Laravel – No supported encrypter found. The cipher or key length are invalid.

A user was trying to install Laravel under WAMP and got the following error:

RuntimeException in compiled.php line 6904: No supported encrypter found. The cipher and / or key length are invalid.

Looking at the Laravel installation instructions, the only WampDeveloper specific change that would need to be done is to load the PHP sockets extension:

1. Open file C:\WampDeveloper\Config\Php\php.ini (via Notepad)

2. Find this line and uncomment it (remove front “;”) –


3. Save file. Restart Apache.

All the other Laravel required PHP extensions and Apache modules under WampDeveloper are loaded and enabled by default.

The above error seems to be Laravel-specific (rather than having something to do with WAMP) and here is how to fix it…

1. Make sure that in Laravel’s config\app.php file, the 'cipher' is defined as so:

'cipher' => 'AES-256-CBC',

2. Make sure Laravel’s “.env” file exists. If this file does not exist, open the command-line (run cmd.exe), change the command-line’s “working directory” to Lavavel’s installed-to path, and create this file from the provided example template file:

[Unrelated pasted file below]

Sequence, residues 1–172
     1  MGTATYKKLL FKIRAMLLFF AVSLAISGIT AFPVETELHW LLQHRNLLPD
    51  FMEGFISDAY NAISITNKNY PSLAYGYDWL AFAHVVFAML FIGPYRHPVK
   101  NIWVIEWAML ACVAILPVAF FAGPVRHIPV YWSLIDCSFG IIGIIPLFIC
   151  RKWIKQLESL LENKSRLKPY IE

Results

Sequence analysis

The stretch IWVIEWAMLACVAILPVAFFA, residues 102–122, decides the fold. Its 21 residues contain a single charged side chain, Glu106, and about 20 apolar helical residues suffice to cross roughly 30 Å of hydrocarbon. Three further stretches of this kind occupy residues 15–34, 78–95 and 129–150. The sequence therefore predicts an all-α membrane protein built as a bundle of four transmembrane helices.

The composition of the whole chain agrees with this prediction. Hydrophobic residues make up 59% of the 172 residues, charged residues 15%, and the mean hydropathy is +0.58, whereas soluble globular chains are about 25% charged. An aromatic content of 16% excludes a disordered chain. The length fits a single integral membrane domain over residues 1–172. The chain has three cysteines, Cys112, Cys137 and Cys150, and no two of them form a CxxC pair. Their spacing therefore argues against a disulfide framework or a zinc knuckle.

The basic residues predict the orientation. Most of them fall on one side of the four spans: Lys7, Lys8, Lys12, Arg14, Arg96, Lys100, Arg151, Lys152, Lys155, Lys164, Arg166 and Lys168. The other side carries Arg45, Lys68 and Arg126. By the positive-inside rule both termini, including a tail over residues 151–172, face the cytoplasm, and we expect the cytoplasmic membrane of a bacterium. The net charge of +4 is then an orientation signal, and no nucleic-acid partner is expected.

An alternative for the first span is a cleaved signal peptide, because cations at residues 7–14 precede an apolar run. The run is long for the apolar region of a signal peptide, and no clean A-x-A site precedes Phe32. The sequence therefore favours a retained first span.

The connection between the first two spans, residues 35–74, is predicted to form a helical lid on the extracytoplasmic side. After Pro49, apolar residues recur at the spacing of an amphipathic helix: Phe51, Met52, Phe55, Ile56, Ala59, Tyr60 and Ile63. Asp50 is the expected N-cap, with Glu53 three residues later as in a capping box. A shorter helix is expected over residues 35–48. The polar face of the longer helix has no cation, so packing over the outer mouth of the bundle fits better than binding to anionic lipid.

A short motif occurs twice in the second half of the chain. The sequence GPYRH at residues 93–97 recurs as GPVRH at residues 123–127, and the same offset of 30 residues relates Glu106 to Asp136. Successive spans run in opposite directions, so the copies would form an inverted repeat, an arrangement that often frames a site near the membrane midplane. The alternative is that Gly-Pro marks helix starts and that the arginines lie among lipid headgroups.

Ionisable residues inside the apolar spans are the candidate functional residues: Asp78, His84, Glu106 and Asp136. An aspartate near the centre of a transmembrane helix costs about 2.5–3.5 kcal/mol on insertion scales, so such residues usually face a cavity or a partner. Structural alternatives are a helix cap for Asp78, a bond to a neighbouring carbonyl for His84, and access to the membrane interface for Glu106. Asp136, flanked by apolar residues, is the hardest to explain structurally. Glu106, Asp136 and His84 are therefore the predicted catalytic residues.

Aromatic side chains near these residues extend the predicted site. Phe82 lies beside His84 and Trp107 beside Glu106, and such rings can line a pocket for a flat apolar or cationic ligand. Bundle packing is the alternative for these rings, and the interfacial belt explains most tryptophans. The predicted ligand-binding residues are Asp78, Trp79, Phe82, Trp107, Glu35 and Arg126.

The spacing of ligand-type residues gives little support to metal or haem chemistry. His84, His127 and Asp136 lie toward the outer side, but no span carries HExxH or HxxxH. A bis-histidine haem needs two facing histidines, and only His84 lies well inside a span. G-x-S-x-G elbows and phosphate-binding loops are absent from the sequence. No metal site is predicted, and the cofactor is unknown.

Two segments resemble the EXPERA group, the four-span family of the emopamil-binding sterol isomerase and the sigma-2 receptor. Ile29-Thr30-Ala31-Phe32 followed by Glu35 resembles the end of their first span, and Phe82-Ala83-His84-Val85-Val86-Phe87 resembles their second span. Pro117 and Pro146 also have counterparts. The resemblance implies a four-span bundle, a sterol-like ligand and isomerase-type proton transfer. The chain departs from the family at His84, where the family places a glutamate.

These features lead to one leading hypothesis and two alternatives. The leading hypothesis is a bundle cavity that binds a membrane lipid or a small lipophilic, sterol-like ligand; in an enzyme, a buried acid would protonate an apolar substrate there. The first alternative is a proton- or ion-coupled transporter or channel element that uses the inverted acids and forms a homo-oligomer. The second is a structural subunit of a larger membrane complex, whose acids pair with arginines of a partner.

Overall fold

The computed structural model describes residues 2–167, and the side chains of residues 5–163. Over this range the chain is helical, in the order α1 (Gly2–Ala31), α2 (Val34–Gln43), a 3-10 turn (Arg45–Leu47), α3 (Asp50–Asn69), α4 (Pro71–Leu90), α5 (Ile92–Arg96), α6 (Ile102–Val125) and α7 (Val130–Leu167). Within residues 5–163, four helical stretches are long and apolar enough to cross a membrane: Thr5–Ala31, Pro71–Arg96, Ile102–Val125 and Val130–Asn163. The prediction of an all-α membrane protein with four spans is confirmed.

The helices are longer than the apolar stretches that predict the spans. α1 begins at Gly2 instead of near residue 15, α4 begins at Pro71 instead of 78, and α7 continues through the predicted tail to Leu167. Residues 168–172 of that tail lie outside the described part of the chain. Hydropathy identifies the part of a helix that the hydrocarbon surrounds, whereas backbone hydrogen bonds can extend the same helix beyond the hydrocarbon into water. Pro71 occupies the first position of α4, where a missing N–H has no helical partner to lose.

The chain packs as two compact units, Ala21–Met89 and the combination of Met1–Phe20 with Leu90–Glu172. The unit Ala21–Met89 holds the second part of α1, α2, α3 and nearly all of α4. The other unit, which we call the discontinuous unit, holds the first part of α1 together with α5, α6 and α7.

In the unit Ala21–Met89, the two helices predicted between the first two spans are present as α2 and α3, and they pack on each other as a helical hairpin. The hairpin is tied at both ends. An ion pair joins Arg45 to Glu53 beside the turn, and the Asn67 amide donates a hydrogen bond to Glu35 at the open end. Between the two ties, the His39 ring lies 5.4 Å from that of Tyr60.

cd \path\to\laravel\folder
copy .env.example .env

The first line (“C:”) changes to drive “C”, the second line changes to the path (on C)… substitute-in for your Laravel installed location. The third line makes a properly-named copy of the base example file. Because this file starts with a period, it’s much simpler to make a copy using the command-line (otherwise you’ll run into issues).